Kryoflux, again, can deal with it, but the method is far from obvious. The “track distance” has to be set to 40 tracks, which might sound like Kryoflux would cover 40 tracks of an 80-track floppy… but no, it actually means double stepping.

Weird Stuff

I have come across one floppy (5¼″ low density, mass duplicated, circa 1990) where DTC reported a single track as unformatted and couldn’t read any data (there was just a bunch of zeros in the resulting image). That is, there were no errors reported at all, DTC simply decided the track wasn’t formatted. There certainly was supposed to be data on that track.

Reducing the default RPM for decoding from 300 to 295 allowed DTC to decode all tracks of the floppy without errors, including the one previously seen as unformatted. I don’t know what that’s about.

Alternatives

There are things about Kryoflux (specifically DTC, the software) that are just plain weird, annoying, or broken. For example, when a bad sector is found, there’s no good way to see which one it is. For each track, the number of bad sectors is listed, but without identifying them. In a raw image, the corrupted data is simply written out; that makes sense (the beginning of the sector is often OK), but that makes it quite difficult to precisely identify the bad sector(s).

The DTC GUI allows setting the output directory, which is very useful, but when that directory does not exist, reading floppies fails (simply does nothing) without any indication why. Not ideal.

Again, these are problems with the software, not hardware. There are some alternatives which can work with Kryoflux dumps. I tried the tools that come with PCem but found them significantly harder to use than Kryoflux DTC (in itself an achievement) and simply could not make them work for me. I also tried tools from the HxC emulator which impressed me much more than DTC, were easy to use and more capable, although decoding Kryoflux images was interminably slow.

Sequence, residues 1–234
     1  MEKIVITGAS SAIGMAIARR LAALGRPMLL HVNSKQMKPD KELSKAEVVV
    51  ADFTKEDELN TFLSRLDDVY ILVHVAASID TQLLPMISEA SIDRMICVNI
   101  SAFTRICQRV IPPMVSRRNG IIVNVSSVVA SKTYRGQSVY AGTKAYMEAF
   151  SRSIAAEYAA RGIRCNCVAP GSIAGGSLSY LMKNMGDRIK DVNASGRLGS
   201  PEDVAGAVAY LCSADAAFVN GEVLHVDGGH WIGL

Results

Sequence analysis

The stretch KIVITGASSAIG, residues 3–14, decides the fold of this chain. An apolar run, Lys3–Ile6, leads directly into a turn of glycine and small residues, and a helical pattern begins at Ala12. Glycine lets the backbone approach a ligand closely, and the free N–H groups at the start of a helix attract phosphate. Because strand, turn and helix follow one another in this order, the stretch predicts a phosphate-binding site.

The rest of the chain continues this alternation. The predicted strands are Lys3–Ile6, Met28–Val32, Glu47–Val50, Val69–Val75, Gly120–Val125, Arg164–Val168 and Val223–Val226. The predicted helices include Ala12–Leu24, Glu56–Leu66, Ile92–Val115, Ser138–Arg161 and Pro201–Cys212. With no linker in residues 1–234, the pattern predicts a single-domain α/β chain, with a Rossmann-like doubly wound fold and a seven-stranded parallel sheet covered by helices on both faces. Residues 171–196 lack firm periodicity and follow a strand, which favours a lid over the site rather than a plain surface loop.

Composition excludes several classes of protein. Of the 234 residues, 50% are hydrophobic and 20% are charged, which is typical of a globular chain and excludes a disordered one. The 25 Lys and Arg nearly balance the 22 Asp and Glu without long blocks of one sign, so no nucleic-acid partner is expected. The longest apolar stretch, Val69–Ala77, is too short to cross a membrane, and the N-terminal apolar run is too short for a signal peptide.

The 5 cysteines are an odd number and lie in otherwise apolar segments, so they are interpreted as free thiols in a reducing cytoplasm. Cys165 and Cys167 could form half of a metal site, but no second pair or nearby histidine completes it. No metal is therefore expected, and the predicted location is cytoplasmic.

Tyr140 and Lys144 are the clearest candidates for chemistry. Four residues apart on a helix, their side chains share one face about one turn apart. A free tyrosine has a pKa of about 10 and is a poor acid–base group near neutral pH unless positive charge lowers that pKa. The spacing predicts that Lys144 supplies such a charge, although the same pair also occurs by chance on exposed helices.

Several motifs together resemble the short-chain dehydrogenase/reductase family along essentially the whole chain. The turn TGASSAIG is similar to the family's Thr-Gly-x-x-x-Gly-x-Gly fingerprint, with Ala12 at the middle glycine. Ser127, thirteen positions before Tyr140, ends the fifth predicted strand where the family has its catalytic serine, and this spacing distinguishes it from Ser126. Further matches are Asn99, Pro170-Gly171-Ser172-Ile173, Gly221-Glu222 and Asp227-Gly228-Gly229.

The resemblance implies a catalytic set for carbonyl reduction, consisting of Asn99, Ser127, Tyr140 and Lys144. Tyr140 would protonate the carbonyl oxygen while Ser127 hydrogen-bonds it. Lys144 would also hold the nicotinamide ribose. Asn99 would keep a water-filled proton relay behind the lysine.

This seems to be an area undergoing development and things may very well look different a year from now.

Notes

After archiving a few hundred floppies, with or without Kryoflux, I have formed several distinct impressions:

  • Mass-duplicated floppies are very reliable, typically reading with no errors after 25-30 years.
  • User-written floppies on the other hand are very much a mixed bag, with a significantly higher error rate.
  • High density 5¼″ floppies are surprisingly reliable; that is almost certainly a function of their larger physical size and higher rotational speed, which translates to a lower bit density and therefore lower error rate.
  • On the other hand, 5¼″ floppies are susceptible to physical damage caused by poor storage. Floppies can get bent or dented and become partially or completely unreadable. I have floppies bent so far out of shape that they won’t even rotate.
  • 3½″ floppies are significantly better protected with their hard shell. A pack of 3½″ floppies is quite stable and can withstand significant force, surviving poor storage unscathed.

Conclusion

The Kryoflux hardware is perfectly capable of working with any PC floppy format, and the Kryoflux software can handle common formats just fine. The only deficiency is missing presets for common PC media, notably 5¼″ floppies.